Summer 2021 Courses

Summer 2021 Courses

Session I (May 24-June 16)

MUSI 2080 American Music 
MUSI 3080 American Music (Combined Sections)
Topic: Intro to Black Music and Corporate America

Rami Stucky
3.0 credits
Lecture: MTWRF / 10:30am - 12:45pm / Online
Class Number: 11861 / 11871

MUSI 3080 counts as CCS or elective in the Music Major.

We will study how black music, specifically jazz and rock and roll, have become part of the language of corporate America. How do real estate agents, newspapers, magazines, corporations, and job recruiters use music-related vocabulary to market housing, goods, and employment opportunities? We will look in our own communities for corporations using musical keywords to market themselves and attract consumers and employees. And we will consider how activism might respond to the corporate use of terms like “rock and roll,” “rockstar,” “collaboration,” and “improvisation.” Music and non-music students are welcome to enroll.

MUSI 4331 Theory III

Fred Maus
3.0 credits
Lecture: MTWRF / 10:30am - 12:45pm / Online
Class Number: 12462

Studies in 18th-, 19th-, and 20th-century techniques and styles through analysis and composition. Prerequisite: MUSI 3320 or instructor permission.

MUSI 2559 Introduction to Songwriting
MUSI 3370 Songwriting (Combined Sections)

Heather Mease
3.0 credits
Lecture: MTWRF / 1:00-3:15pm / Online
Class Number: 11866 / 11874

MUSI 3370 counts as composition or elective in the Music Major.

Develop aural, analytic and creative abilities through songwriting. Learn about rhythm, melodic design, harmonic progression, lyrics and song forms. Develop ear training, so that concepts you learn will be sonically meaningful. Examples considered from blues, folk, tin pan alley, musicals, R&B, rock and hip hop.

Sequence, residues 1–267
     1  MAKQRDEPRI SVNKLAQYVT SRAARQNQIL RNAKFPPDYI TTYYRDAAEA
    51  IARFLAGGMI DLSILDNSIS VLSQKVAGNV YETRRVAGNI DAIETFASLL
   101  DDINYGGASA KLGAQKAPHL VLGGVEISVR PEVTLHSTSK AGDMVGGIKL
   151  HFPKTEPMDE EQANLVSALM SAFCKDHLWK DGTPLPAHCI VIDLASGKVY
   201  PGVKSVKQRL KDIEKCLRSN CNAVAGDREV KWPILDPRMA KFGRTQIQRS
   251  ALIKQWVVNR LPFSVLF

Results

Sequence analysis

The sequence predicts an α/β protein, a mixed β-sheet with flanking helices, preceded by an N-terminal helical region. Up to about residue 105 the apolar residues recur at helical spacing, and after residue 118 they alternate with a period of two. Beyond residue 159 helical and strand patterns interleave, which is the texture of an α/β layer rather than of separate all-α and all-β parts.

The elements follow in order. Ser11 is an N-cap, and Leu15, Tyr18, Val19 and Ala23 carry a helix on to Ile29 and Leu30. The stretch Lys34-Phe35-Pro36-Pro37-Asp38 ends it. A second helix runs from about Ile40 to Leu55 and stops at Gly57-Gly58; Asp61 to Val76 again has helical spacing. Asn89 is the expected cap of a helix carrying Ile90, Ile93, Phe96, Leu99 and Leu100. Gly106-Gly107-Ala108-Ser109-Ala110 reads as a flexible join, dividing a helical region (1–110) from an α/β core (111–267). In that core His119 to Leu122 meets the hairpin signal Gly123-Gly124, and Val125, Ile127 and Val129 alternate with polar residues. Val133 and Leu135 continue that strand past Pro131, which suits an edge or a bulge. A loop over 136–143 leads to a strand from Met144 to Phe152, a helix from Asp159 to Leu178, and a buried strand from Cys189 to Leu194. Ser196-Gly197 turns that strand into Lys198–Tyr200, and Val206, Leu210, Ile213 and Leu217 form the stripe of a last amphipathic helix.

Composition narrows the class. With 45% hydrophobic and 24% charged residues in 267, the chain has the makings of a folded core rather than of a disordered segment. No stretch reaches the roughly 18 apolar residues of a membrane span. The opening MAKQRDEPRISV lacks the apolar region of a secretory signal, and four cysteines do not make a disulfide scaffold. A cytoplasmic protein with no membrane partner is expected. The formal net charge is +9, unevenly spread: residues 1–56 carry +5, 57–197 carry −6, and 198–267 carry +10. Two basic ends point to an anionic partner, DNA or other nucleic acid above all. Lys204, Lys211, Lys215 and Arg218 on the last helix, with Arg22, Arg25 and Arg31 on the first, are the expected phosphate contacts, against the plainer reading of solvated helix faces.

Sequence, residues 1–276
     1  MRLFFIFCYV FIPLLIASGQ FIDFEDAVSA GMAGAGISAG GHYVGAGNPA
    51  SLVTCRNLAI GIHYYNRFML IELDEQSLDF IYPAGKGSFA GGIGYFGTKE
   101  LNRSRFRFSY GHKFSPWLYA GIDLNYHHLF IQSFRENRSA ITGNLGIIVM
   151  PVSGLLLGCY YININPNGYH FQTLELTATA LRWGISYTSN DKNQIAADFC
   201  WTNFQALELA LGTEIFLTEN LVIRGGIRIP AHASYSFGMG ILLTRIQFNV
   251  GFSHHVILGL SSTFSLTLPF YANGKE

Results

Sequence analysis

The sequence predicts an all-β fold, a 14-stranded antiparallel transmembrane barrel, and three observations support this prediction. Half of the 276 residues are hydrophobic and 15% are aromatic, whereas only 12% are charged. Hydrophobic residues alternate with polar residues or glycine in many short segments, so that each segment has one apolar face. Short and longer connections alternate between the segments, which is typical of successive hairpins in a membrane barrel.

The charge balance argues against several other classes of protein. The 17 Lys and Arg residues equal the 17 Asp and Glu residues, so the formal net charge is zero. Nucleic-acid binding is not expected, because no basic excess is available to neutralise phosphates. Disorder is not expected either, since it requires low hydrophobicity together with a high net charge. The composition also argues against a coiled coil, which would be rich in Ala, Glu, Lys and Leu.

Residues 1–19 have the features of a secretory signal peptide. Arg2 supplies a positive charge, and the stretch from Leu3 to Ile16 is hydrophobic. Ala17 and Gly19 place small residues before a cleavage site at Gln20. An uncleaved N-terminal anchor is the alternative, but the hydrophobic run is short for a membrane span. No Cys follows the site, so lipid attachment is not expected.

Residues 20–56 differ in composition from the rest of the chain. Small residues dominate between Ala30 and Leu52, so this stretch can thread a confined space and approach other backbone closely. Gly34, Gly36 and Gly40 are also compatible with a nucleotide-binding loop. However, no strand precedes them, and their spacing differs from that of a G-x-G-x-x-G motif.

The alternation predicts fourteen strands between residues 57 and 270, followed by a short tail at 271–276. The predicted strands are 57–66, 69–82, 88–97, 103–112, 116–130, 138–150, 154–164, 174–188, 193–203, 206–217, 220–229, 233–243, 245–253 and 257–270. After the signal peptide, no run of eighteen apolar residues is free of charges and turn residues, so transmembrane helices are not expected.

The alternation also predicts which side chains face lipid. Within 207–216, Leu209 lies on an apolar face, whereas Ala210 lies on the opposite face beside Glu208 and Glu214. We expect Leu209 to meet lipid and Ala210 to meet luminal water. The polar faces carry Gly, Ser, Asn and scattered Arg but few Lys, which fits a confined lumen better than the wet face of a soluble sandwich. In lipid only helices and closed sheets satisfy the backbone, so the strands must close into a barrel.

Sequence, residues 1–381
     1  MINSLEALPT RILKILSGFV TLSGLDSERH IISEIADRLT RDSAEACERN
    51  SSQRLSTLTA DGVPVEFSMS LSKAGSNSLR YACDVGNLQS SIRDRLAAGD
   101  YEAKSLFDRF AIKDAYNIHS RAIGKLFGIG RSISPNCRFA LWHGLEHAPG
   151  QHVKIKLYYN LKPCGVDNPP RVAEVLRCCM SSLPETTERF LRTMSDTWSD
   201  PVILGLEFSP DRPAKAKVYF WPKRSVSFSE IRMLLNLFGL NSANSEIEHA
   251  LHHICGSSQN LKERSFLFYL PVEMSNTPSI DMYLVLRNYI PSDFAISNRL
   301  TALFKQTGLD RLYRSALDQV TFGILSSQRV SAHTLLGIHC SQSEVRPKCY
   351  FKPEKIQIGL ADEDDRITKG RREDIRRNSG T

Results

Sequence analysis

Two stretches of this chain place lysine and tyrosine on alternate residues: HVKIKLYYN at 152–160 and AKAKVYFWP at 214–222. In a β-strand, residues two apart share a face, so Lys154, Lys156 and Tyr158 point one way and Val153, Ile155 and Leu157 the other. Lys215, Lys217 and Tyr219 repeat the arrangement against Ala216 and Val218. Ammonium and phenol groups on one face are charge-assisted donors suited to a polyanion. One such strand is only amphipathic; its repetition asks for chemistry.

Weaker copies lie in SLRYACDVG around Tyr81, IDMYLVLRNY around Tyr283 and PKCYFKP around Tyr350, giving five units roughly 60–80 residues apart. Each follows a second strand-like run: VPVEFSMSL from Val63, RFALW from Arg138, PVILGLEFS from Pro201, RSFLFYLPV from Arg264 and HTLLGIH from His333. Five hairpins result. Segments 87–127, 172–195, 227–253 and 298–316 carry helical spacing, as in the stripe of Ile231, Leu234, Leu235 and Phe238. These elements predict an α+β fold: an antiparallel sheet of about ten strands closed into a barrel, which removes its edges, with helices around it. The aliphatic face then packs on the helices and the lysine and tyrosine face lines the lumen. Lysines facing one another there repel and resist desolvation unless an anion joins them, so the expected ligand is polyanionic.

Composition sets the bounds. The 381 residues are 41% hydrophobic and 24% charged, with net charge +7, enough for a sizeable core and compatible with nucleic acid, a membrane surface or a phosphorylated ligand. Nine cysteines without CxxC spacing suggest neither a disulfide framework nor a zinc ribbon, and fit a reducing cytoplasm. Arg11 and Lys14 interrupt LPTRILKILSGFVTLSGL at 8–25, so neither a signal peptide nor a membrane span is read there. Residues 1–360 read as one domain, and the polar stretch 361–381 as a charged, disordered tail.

Session II (June 21-July 16)

MUSI 2340 Learn to Groove

Robert Jospe
2.0 credits
Lecture: MTWRF / 1:00-2:30pm / Online
Class Number: 11864

Counts as performance in the Music Major.

This is a hand drumming class open to all students including music majors. The course requires that students have a hand drum of their own as well as the course book Learn To Groove. Congas, djembes, doumbeks are appropriate. The class will focus on simple hand drumming technique and time keeping along with understanding and playing syncopated patterns. The history, geography and artists associated with the rhythms presented in the course will be included. The course is designed to help students achieve fluency with syncopated patterns that are associated with dance rhythms from West Africa, the Caribbean, Brazil, and the United States.

MUSI 2559 Introduction to Online Jamming and Music Making
MUSI 4559 Online Jamming and Music Making (Combined Sections)

Juan Carlos Vasquez
3.0 credits
Lecture: MTWRF / 10:30am - 12:45pm / Online
Class Number: 11868 / 11875 

MUSI 4559 counts as composition or elective in the Music Major.

We are surviving a time without in-person concerts and looking to a future in which live music events may be increasingly organized technologically across long distances. The course works with interactive music and video tools, techniques and theory. It includes lectures on aesthetics and theory, seminar discussions based on readings in interactive media, and labs and hacking sessions focused on group collaborative jams using our instruments and/or computers.

MUSI 4559 Arts Activism, Liberated Spaces and Creative Economies at The Black Power Station